Home' Greymouth Star : April 11th 2014 Contents Greymouth Star
4 - Friday, April 11, 2014
We appreciate the value of the Letters to the Editor
column as a public forum for West Coasters and
welcome your opinion and suggestions.
Letters may be submitted by post, fax or e-mail and
must include your name, address, phone number
and - except for e-mails - your signature. Noms de
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Please keep your letters honest, respectful and
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reserves the right to edit or not publish letters,
especially those that are o ensive or too long.
Post to PO Box 3, Greymouth, fax to 768 6205 or
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uLetters to the editor
1814 - Napoleon Bonaparte abdicates as
emperor of France and is banished to Elba by
Treaty of Fontainebleau.
1913 - French pilot Gustave Hamel makes a
record return trip across the English Channel
from Dunkirk to Dover and back in only 90
1919 - Voters in a New Zealand referendum
go against prohibition. e constitution of the
International Labour Organisation goes into
1951 - US President Harry Truman relieves
General Douglas MacArthur of his command
in Far East.
1951 - e Stone of Scone, symbol
of Scottish independence stolen from
Westminster Abbey by nationalist protesters, is
recovered after an 107-day hunt.
1973 - Martin Bormann, Nazi
o cial pursued throughout the world,
is o cially declared dead and taken
o West Germany's "most wanted"
1979 - Idi Amin is deposed as
president of Uganda as rebels and
exiles backed by Tanzanian forces seize control.
2002 - Wouter Basson, a scientist who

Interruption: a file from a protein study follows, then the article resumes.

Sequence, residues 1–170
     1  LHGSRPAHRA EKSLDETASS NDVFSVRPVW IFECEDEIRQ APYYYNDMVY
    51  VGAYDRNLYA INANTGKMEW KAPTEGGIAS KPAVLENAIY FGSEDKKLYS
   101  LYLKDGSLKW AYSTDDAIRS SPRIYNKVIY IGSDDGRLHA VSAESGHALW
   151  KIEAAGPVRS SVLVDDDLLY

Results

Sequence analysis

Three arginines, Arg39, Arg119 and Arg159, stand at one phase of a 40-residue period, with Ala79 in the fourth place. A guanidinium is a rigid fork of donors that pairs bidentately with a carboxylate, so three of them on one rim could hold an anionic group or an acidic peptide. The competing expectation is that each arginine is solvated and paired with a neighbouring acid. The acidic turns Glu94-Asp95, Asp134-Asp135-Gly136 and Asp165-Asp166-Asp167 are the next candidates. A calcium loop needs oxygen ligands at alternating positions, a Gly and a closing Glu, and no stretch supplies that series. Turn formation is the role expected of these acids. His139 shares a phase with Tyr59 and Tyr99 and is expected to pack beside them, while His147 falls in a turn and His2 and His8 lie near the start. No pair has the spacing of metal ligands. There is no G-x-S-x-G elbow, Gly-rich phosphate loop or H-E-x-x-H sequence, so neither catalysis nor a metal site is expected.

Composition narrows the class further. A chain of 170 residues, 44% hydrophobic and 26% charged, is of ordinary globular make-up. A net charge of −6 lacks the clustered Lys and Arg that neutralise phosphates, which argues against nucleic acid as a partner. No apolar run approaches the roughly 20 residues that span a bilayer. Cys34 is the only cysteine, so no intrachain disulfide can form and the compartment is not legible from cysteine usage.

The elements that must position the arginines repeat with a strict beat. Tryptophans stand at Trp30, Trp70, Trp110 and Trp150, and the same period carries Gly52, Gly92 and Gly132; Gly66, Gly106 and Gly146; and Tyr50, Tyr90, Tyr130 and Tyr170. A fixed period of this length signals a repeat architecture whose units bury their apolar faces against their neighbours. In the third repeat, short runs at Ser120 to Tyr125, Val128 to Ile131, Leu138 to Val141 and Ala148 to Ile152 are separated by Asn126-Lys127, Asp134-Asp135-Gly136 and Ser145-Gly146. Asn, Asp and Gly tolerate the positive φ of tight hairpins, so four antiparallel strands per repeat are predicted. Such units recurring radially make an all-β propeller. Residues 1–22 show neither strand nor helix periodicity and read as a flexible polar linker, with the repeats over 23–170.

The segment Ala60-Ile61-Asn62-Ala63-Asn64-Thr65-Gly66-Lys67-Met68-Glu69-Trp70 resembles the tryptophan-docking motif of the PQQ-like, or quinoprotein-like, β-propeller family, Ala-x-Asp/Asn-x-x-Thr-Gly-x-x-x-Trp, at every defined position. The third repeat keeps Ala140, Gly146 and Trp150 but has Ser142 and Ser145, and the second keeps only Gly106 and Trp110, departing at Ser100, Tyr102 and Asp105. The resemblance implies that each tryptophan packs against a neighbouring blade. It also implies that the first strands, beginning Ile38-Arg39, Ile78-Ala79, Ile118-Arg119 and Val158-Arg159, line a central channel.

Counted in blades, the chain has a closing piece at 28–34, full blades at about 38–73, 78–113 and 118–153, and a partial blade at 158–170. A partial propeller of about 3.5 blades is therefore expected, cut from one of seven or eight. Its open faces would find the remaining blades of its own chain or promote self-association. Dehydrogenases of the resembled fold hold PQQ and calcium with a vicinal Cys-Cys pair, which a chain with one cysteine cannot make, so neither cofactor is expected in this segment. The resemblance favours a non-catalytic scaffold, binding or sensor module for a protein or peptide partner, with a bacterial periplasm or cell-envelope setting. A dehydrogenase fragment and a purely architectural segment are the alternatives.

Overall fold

headed South Africa's covert chemical and
germ-warfare operations during the apartheid
era, is acquitted on 46 charges of murder,
conspiracy, drug possession and fraud.
uWest Coast yesteryear
uToday in history
George Canning, English statesman (1770-
1827); Manuel Quintana, Spanish poet
(1772-1857); Oleg Cassini, French fashion
designer (1913-2006); Ethel Kennedy, widow
of US politician Robert F Kennedy
(1928-); Joel Grey, US actor (1932-);
Louise Lasser, US actress (1939-);
Jeremy Clarkson, British television
presenter (1960); Nigel Pulsford,
British musician of Bush fame
(1963-); Lisa Stans eld, British singer
(1966-); Ian Bell, English cricketer
(1982-); Alessandra Ambrosio,
Brazilian model (1981-); Joss Stone, British
singer (1987-); James Magnussen, Australian
"Only the vanquished remember
history." --- Marshall McLuhan, Canadian
communications theorist (1911-1980)
"And now I am no longer in the world, but
they are in the world, and I am coming to you.
Holy Father, protect them in Your name that
You have given me, so that they may be one, as
we are one." --- John 17.11
A New Zealand-
other large rms in expressing its con dence
in the future of the West Coast. Mr R W
omas, general manager of Foodstu s
(Christchurch) Ltd, announced today that his
rm had amalgamated with the old-established
Greymouth business of Duncan McLean Ltd.
"Our desire to come to the West Coast has
been prompted by the increasing growth which
is taking place in this area," Mr omas said.
e company is best known to West Coasters
as the parent body for Four Square grocery
stores, of which there are 1550 throughout
New Zealand. All of these stores are
individually owned and operated.
Police called to the Brunner Workingmen's
Club early this morning following a ght
between two men earlier, found one dead. e
other has been arrested and is to be charged
later this afternoon with manslaughter.